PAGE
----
How Huntington's disease proteins spread from cell to cell

By identifying in spinal fluid how the characteristic mutant proteins of Huntington's disease spread from cell to cell, Univeraity Of California at Irvine (UCI) scientists and colleagues have created a new method to quickly and accurately track the presence and proliferation of these neuron-damaging compounds – a discovery that may accelerate the development of new drugs to treat this incurable disease.

 
University of California at Irvine Study leader Dr. Steven Potkin, UC Irvine professor of psychiatry & human behaviour / Image : Daniel Anderson  

The researchers added that the cell-to-cell ''seeding'' property of these mutant proteins seems to be a critical part of the disease's progression.

Their findings also advance a new drug-discovery approach: stopping the cellular transfer of the seeding compounds. Study results appear online in Molecular Psychiatry.

Huntington's disease is a genetically based, severe neuro-degenerative disorder that results in progressive motor, cognitive and psychiatric impairment and, ultimately, death.

There is no effective treatment for Huntington's, which – like many neuro-degenerative diseases – is characterized by an accumulation of misfolded mutant proteins that interfere with brain function.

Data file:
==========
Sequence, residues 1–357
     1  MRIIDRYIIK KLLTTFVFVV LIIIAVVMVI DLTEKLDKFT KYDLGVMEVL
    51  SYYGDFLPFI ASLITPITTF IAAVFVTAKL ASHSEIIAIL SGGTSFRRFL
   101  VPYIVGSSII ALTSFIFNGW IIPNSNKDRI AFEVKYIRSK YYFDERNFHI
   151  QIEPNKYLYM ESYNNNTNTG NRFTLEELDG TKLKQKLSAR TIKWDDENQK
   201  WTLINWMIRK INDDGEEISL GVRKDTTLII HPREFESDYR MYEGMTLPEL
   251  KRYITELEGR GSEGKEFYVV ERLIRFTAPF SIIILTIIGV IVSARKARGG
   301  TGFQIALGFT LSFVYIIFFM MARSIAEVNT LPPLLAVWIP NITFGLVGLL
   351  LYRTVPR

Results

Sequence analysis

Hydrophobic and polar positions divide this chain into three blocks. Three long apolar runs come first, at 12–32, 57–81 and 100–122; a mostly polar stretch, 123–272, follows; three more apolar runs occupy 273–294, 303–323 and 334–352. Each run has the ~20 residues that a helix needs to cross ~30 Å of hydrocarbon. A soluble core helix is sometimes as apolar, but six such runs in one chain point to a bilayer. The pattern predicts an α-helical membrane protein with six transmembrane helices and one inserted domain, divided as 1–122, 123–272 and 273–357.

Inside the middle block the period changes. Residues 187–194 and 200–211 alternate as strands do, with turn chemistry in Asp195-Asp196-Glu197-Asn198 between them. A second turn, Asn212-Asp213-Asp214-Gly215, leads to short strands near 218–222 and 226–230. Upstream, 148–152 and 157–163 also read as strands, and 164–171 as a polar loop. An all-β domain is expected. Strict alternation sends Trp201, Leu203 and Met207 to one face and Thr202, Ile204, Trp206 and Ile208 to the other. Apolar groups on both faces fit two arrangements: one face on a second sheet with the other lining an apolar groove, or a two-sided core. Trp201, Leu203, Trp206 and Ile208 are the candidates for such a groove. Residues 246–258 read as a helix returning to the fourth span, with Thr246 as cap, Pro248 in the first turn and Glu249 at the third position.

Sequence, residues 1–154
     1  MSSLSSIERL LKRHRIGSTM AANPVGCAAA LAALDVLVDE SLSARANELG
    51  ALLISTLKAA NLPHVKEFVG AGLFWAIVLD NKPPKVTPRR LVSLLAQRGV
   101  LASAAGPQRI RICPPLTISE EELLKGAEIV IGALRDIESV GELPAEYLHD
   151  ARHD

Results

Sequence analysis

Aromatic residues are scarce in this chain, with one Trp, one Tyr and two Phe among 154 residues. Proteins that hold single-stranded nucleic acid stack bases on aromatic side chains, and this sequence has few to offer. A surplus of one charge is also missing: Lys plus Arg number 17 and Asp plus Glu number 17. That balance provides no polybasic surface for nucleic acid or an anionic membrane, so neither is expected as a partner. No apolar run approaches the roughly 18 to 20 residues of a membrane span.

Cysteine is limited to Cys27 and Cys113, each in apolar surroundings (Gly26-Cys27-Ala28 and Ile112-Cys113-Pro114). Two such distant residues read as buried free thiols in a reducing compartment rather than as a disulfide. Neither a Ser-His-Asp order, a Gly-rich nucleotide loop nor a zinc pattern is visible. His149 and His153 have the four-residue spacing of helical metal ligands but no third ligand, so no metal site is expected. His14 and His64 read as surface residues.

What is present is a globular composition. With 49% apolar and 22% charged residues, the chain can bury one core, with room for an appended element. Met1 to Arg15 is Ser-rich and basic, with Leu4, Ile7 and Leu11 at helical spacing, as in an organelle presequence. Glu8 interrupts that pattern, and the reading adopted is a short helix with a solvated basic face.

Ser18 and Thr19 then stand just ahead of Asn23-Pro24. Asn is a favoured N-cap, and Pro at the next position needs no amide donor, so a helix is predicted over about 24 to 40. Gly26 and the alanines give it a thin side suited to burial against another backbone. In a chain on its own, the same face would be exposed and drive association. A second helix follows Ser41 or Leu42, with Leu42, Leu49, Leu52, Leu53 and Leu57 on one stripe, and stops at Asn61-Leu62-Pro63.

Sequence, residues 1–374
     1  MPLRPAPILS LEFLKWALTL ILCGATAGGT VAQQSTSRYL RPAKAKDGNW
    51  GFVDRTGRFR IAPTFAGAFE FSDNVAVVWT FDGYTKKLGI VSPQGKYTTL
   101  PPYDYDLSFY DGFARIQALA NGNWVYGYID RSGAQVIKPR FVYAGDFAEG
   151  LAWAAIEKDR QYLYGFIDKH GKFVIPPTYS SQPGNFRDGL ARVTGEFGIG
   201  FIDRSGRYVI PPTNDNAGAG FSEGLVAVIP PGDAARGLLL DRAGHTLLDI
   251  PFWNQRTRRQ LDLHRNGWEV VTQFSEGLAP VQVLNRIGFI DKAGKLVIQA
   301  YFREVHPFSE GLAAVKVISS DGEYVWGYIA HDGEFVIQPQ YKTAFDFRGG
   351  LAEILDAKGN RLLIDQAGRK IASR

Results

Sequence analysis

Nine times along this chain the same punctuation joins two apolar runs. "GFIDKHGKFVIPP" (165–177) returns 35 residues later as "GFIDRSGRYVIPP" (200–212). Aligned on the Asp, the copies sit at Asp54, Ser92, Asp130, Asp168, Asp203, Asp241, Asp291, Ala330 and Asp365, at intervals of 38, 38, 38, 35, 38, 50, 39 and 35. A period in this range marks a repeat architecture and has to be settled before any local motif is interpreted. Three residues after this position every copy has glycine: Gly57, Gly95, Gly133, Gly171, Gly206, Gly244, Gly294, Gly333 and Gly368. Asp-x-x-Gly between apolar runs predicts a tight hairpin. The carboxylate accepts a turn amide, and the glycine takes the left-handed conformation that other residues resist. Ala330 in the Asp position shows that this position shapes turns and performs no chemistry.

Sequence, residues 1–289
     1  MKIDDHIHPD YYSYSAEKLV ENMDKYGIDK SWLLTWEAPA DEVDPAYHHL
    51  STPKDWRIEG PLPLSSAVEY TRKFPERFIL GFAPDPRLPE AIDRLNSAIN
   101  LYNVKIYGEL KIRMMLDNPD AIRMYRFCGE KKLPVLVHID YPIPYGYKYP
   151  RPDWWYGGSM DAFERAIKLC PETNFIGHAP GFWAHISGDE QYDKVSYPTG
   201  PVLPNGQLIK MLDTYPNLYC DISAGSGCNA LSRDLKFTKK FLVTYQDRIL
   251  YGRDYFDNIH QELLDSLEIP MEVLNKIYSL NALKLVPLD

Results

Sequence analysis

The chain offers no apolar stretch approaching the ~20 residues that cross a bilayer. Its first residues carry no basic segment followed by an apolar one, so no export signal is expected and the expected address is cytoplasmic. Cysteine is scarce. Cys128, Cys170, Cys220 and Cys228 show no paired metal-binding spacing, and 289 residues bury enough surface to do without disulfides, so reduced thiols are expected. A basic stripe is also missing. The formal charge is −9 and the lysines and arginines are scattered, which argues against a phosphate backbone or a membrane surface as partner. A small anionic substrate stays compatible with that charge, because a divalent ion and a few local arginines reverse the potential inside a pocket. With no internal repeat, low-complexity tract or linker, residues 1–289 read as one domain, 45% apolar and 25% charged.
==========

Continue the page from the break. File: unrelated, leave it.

As part of their study, the researchers introduced a new screening test that measures mutant huntingtin protein seeding in cerebro-spinal fluid, which can be obtained via a simple procedure.

This assay distinguishes symptomatic Huntington's disease subjects – who have high seeding activity – from gene carriers not yet showing symptoms – who have lower seeding activity. Fluid samples from non-HD individuals do not exhibit this seeding property.

''Determining if a treatment modifies the course of a neurodegenerative disease like Huntington's or Alzheimer's may take years of clinical observation,'' says study leader Dr. Steven Potkin, UCI professor of psychiatry & human behaviour. ''This assay that reflects a pathological process can play a key role in more rapidly developing an effective treatment. Blocking the cell-to-cell seeding process itself may turn out to be an effective treatment strategy.''

Evaluating whether a drug prevents seeding will be much quicker than longitudinal assessment of symptoms, added study co-leader Zhiqun Tan, an associate researcher at the UCI Institute for Memory Impairments and Neurological Disorders (UCI MIND).

Seeding measurements can also aid in determining the optimal dosage of a new therapy. Additionally, gauging the seeding property of misfolded proteins may prove to be useful in the development of new treatments for other neurodegenerative diseases, such as Alzheimer's, ALS and Parkinson's.

Earlier this year, study contributor Leslie Thompson of UCI's Sue & Bill Gross Stem Cell Research Center and UCI MIND received a $5 million grant from the California Institute for Regenerative Medicine to continue her CIRM-funded effort to develop stem cell treatments for Huntington's disease. In this project, Thompson and her colleagues plan to create a therapy employing human embryonic stem cells that can be evaluated in clinical trials.